Death Defying Acts
Freely mixing historical fact with fictionalised biography, this Brit-Aussie co-production turns on a fascinating premise: a battle of wits and wills between world-famous escapist and sceptic of all things supernatural Harry Houdini (Guy Pearce) and a Scots conwoman posing as a psychic. When Houdini arrives in Edinburgh on the European leg of his world tour, still grieving over the death of his beloved mother, and announces he’ll pay a small fortune to anyone who can put him in touch with her, Mary McGarvie (Catherine Zeta-Jones) and her daughter Benji (Atonement’s Saoirse Ronan) sense a soft touch. But Mary’s scheme looks like coming undone when the scam artist and the escape artist fall for one another.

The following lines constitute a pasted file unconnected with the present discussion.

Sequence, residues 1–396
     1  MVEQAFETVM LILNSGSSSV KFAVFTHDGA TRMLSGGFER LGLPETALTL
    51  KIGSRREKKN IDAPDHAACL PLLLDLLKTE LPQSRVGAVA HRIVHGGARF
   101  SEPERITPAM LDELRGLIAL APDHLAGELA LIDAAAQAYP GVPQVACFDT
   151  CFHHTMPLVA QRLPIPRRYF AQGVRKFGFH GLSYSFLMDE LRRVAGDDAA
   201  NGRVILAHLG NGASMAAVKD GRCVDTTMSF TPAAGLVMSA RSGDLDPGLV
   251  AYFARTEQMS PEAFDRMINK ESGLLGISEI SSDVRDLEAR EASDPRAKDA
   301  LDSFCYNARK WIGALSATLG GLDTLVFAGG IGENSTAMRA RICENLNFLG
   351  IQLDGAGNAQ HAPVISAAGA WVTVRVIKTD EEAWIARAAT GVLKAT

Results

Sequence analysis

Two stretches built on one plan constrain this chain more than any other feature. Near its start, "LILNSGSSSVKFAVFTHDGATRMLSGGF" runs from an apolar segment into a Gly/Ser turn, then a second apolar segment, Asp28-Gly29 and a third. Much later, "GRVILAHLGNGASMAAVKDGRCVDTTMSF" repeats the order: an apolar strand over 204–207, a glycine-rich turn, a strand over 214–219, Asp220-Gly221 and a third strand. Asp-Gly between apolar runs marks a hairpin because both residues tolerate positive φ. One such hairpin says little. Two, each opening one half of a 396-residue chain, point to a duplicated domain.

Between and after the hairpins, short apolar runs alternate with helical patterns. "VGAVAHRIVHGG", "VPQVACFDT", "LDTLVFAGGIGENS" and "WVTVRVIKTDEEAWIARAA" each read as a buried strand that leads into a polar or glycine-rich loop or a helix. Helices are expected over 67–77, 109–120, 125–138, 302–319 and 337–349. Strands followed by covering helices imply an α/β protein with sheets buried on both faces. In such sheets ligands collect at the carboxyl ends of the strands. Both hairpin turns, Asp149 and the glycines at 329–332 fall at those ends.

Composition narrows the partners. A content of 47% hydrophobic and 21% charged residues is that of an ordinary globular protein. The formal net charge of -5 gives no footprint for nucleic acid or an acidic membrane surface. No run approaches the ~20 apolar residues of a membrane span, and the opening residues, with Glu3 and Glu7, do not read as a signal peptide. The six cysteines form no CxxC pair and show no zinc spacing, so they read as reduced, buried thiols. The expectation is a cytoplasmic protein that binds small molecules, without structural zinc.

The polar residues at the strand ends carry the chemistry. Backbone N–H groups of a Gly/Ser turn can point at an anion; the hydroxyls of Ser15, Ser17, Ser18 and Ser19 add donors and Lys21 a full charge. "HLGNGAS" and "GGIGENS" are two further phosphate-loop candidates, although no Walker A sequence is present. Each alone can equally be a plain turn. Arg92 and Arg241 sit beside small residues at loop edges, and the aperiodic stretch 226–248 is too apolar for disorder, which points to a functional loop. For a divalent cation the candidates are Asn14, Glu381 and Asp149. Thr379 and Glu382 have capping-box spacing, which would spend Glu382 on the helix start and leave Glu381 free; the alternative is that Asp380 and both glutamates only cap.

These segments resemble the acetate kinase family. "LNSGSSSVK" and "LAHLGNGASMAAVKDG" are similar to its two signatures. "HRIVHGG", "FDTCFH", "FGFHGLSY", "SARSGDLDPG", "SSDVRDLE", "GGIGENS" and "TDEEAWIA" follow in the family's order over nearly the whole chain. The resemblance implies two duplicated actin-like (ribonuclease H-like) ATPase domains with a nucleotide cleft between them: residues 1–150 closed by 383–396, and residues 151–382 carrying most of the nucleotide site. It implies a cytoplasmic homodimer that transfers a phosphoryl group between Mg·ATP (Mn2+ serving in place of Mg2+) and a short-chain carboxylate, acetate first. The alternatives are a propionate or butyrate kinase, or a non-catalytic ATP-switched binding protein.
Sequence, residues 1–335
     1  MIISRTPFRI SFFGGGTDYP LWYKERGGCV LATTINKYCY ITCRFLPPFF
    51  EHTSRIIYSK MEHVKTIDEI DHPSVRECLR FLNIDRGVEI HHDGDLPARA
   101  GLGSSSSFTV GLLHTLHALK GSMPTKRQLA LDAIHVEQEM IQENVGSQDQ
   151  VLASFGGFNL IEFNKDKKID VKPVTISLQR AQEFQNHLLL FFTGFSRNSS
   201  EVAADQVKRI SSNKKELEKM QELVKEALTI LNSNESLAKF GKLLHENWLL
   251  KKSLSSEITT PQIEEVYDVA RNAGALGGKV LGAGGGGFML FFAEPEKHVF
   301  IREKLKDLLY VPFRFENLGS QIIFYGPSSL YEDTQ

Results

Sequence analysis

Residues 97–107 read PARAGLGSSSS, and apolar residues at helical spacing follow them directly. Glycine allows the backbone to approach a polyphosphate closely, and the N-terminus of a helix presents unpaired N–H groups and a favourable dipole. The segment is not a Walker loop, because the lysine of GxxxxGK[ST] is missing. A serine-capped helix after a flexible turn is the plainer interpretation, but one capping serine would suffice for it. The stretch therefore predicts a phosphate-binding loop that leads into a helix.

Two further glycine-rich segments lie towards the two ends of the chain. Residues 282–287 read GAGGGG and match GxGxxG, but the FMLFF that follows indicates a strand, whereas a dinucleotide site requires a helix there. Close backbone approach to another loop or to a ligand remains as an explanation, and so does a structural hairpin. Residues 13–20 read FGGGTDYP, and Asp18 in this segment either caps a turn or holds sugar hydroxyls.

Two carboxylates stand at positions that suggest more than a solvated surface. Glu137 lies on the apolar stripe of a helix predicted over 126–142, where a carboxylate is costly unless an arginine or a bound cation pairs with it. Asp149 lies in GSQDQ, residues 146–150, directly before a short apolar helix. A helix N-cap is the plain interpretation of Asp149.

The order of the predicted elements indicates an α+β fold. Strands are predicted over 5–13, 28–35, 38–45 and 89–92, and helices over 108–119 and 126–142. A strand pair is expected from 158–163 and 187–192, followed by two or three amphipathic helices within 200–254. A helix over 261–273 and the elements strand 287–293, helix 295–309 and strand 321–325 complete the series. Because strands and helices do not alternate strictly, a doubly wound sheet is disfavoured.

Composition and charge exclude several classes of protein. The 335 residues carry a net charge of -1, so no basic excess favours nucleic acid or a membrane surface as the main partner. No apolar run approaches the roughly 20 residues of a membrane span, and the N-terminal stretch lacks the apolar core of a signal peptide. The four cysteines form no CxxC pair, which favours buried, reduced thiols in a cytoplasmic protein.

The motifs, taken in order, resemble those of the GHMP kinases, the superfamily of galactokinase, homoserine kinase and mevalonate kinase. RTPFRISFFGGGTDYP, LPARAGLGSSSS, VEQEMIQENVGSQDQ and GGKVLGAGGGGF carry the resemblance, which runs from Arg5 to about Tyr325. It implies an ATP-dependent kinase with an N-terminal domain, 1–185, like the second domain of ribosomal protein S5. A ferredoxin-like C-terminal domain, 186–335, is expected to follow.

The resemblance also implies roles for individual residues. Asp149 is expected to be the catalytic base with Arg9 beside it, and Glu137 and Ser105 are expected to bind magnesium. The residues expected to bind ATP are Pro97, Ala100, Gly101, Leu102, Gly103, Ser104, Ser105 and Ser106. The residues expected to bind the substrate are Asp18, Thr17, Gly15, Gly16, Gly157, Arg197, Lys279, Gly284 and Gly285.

Co-scripted by Tony Grisoni (Tideland, Brothers of the Head) and directed by Gillian My Brilliant Career Armstrong, the film’s got some creditable talent attached to it. And for Scottish audiences there’s the added attraction of seeing Edinburgh locations used as a handsome backdrop to a tall tale set in the capital in 1926. Interesting as all that sounds, though, Death Defying Acts is surprisingly dull. While it’s decently acted, neither the scam nor the romance is developed and Armstrong’s direction is strangely flat. Co-funded by the BBC, it feels like an underachieving Sunday teatime drama.
Selected release from Fri 8 Aug.